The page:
Journal of Indian Association of Pediatric Surgeons
Journal of Indian Association of Pediatric Surgeons
                                                   Official journal of the Indian Association of Pediatric Surgeons                           
Year : 2017  |  Volume : 22  |  Issue : 1  |  Page : 60--61

Fetal cyst reveling retroperitoneal enteric duplication

Imene Dahmane Ayadi, Ahlem Bezzine, Emira Ben Hamida, Zahra Marrakchi 
 Department of Neonatology, Charles Nicole Hospital, Tunis El Manar University, Tunis, Tunisia

Correspondence Address:
Imene Dahmane Ayadi
Department of Neonatology, Charles Nicole Hospital, Tunis El Manar University, Tunis


Retroperitoneum is a very uncommon site of enteric duplication (ED). We report a new case of retroperitoneal ED cyst suspected in utero. Prenatal ultrasound showed an abdominal cystic mass. Noncommunicating retroperitoneal ED cyst measuring 70 mm × 30 mm was resected. Histopathologic examination confirmed the diagnosis.

How to cite this article:
Ayadi ID, Bezzine A, Hamida EB, Marrakchi Z. Fetal cyst reveling retroperitoneal enteric duplication.J Indian Assoc Pediatr Surg 2017;22:60-61

How to cite this URL:
Ayadi ID, Bezzine A, Hamida EB, Marrakchi Z. Fetal cyst reveling retroperitoneal enteric duplication. J Indian Assoc Pediatr Surg [serial online] 2017 [cited 2022 Aug 19 ];22:60-61
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Full Text


Enteric duplications (EDs) are uncommon anomalies that can occur at any point of the gastrointestinal tract. Their reported incidence is about 1 in 4500 live births. [1] The small intestine is the most common location; retroperitoneum is an extremely rare site. In general, diagnosed in the neonatal period or during infancy, they are increasingly diagnosed prenatally; early prenatal detection is possible. We report a new case of retroperitoneal ED cyst prenatally suspected. To our knowledge, there have been seven reported cases of retroperitoneal ED cyst in the English literature.

 Case Report

A female newborn, vaginally born at 39 weeks of gestation from a 32-year-old mother, gravid 3, para 3. Pregnancy was uneventful. Prenatal ultrasound at 22 weeks of gestation objectified an abdominal cystic mass located in the left upper abdominal quadrant, associated with fetal pyelectasis. Ultrasound follow-up showed the persistence of the cyst.

At birth, the newborn was asymptomatic. Birth weight was 4000 g, length was 51 cm, and head circumference was 35 cm. She passed meconium on day 1 of life. She was totally enterally fed, without incident. Postnatal ultrasound found a retroperitoneal para-aortic liquid-filled mass measuring 60 mm × 33 mm × 22 mm. Magnetic resonance imaging (MRI) confirmed the presence of a retroperitoneal cyst occupying the upper left retroperitoneal space; with mass effect displacing the left kidney down [Figure 1]. No associated congenital abnormality was found. The newborn had exploratory laparotomy at 3 months of life. Peroperative finding was a retroperitoneal cyst above the left adrenal, displacing the left kidney down, measuring 70 mm × 30 mm; with no communication with any portion of the alimentary tract. Histopathologic examination revealed an ED cyst lined by small intestinal epithelium, with no ectopic gastric mucosa. The postoperative period was uneventful; the patient was discharged on the 5 th postoperative day. Postoperative ultrasound showed regression of transient pyelectasis.{Figure 1}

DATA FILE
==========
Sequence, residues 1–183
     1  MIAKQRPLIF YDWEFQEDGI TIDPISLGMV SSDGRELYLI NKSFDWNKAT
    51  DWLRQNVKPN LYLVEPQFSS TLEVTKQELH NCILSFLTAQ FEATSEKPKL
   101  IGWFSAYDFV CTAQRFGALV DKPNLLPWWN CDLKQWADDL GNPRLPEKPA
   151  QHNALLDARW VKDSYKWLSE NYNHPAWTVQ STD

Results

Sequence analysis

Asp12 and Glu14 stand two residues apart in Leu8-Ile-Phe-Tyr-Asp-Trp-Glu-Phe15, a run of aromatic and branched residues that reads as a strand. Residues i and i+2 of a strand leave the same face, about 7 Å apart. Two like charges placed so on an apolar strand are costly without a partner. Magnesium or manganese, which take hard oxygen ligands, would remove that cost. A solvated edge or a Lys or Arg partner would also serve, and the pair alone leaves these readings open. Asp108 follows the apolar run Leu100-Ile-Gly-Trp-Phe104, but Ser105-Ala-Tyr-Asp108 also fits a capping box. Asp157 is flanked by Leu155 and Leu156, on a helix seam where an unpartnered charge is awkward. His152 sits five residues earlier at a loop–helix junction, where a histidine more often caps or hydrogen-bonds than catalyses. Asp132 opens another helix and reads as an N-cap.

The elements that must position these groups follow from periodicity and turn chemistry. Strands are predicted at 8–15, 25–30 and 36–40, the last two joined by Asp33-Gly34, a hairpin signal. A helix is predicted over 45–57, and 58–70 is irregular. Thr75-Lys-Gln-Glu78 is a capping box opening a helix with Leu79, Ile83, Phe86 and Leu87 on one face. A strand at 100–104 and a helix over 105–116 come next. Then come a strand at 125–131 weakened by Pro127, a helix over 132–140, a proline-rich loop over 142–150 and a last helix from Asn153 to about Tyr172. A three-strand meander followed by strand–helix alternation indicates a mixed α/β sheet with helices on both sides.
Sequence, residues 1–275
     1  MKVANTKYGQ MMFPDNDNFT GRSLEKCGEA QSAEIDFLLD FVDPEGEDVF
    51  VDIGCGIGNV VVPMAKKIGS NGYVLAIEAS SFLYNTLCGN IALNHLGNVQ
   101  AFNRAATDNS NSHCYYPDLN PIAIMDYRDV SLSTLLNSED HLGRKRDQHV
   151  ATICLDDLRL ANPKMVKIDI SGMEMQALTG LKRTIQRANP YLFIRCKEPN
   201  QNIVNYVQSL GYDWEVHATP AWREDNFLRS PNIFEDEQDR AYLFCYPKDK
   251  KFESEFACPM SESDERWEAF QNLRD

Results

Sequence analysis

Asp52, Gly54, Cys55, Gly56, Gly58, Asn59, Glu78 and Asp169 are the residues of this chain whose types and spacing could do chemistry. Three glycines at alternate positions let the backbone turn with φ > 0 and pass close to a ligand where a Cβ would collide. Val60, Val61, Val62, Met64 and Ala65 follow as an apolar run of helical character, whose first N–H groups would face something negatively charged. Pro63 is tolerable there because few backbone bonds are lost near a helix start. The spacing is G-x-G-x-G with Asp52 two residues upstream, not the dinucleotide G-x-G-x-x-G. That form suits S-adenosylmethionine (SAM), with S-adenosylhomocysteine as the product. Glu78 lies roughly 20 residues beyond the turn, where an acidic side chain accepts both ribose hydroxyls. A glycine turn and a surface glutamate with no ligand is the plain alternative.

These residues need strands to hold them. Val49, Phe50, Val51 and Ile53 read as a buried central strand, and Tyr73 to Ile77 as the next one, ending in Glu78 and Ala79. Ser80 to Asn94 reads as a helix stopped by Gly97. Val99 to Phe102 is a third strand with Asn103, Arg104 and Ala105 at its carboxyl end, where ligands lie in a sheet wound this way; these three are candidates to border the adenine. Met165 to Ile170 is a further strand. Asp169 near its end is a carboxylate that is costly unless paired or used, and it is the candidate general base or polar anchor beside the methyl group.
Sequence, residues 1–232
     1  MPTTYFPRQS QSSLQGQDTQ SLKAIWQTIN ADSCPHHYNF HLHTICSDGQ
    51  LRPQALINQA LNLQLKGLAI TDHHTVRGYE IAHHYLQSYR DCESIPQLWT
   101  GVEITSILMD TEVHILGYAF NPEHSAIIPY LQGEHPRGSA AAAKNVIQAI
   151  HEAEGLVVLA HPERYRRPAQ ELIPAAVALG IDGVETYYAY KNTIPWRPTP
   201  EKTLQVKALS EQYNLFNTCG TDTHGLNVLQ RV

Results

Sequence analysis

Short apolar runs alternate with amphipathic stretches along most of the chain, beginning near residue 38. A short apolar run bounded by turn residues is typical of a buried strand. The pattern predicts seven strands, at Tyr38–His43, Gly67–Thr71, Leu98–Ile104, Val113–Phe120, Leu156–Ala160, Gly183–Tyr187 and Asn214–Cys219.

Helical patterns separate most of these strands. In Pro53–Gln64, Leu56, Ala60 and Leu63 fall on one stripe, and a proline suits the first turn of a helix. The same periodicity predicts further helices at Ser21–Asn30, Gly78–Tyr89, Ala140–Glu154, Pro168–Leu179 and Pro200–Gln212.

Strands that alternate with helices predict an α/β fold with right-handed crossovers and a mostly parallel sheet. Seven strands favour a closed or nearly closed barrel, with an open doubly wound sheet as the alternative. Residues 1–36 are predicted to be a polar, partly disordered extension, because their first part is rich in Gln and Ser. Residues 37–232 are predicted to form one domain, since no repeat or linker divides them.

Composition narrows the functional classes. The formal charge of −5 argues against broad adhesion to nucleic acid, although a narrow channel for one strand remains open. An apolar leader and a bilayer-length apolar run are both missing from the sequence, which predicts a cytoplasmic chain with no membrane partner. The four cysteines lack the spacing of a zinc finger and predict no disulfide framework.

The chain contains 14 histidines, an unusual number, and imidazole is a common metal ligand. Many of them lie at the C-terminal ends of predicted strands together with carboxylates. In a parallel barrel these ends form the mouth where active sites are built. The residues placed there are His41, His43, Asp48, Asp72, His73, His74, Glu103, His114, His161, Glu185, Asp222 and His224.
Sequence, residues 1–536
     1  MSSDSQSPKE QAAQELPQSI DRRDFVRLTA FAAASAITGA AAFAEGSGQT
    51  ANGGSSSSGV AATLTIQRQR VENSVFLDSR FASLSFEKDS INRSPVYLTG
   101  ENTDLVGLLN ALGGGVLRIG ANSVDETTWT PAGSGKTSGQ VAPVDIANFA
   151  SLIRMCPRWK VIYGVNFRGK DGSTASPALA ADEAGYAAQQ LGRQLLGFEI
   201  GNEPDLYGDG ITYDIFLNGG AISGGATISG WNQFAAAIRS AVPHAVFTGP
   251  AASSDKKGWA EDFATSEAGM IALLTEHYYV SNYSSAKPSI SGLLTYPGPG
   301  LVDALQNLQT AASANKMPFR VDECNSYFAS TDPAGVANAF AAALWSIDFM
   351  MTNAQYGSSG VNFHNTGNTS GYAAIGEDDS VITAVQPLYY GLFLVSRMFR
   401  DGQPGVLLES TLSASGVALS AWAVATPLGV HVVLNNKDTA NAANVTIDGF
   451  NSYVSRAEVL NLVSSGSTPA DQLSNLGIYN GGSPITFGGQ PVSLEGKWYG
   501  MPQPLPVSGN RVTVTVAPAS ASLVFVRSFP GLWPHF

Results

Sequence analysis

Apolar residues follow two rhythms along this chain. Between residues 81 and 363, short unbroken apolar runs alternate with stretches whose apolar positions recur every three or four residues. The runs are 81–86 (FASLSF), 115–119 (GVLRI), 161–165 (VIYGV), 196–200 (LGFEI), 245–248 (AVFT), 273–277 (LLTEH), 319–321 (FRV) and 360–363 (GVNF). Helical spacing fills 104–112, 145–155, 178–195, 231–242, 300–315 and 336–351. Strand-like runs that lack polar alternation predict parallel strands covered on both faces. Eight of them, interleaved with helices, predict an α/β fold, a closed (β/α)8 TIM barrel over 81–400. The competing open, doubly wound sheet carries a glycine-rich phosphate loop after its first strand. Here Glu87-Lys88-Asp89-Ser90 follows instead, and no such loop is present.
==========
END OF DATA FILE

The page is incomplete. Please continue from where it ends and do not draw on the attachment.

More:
EDs represent a group of uncommon congenital anomalies. Intraabdominal duplications account for two-thirds of localization, among them, jejunoileal duplications account for 65%. EDs occur early in intrauterine life; their pathogenesis remains unclear; several hypotheses have been proposed. [2] Retroperitoneal duplications are extremely rare with few case reports in English literature. Jehangir et al. reported 38 cases of ED cysts; only one was retroperitoneal communicating with a nonfunctioning right kidney. [3]

EDs are a part of fetal intraabdominal cysts which evoke several differential diagnoses including ovarian cysts, renal cysts, choledochal cysts, hepatic cysts, and mesenteric cysts. [4] Accurate early prenatal diagnosis of ED is possible. [5] Marchitelli et al. found high concordance between prenatal and postnatal findings in fetal intra-abdominal cystic lesions (90.4%). [6] Specific signs could be detected in utero. The "double-wall" sign and peristaltism are suggestive of ED and help to differentiate it of differential diagnosis. [7] High incidence of associated anomalies to EDs was reported. [8] Jehangir et al. reported that vertebral and spinal anomalies were the most common. [3] Associated anomalies determine prognosis of EDs. Hence, when ED is suspected, associated anomalies should be checked.

Postnatal ultrasound helps diagnosis showing an anechoic fluid-filled mass, rarely an echogenic mass is found due to complication (hemorrhage, necrosis). Computed tomography and MRI allow specifying the type and the size of the anomaly. Clinical presentation of jejunoileal duplications includes hemorrhage, obstruction, and intussusceptions. The patient could be totally asymptomatic. [2] More serious complications may occur : u0 lceration, perforation, severe hemorrhage, and malignant changes associated with the presence of ectopic gastric mucosa. Thus, once an ED is diagnosed, it should be resected. Surgical intervention is generally performed at the age of diagnosis. Elective surgery is proposed to asymptomatic patients prenatally diagnosed to ovoid potential complications. [9] There is no consensus about the surgical approach of EDs in infants. Bothe laparoscopic and open resections are possible. Laparoscopic approach offers a low rate of complications. [10]

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Conflicts of interest

There are no conflicts of interest.


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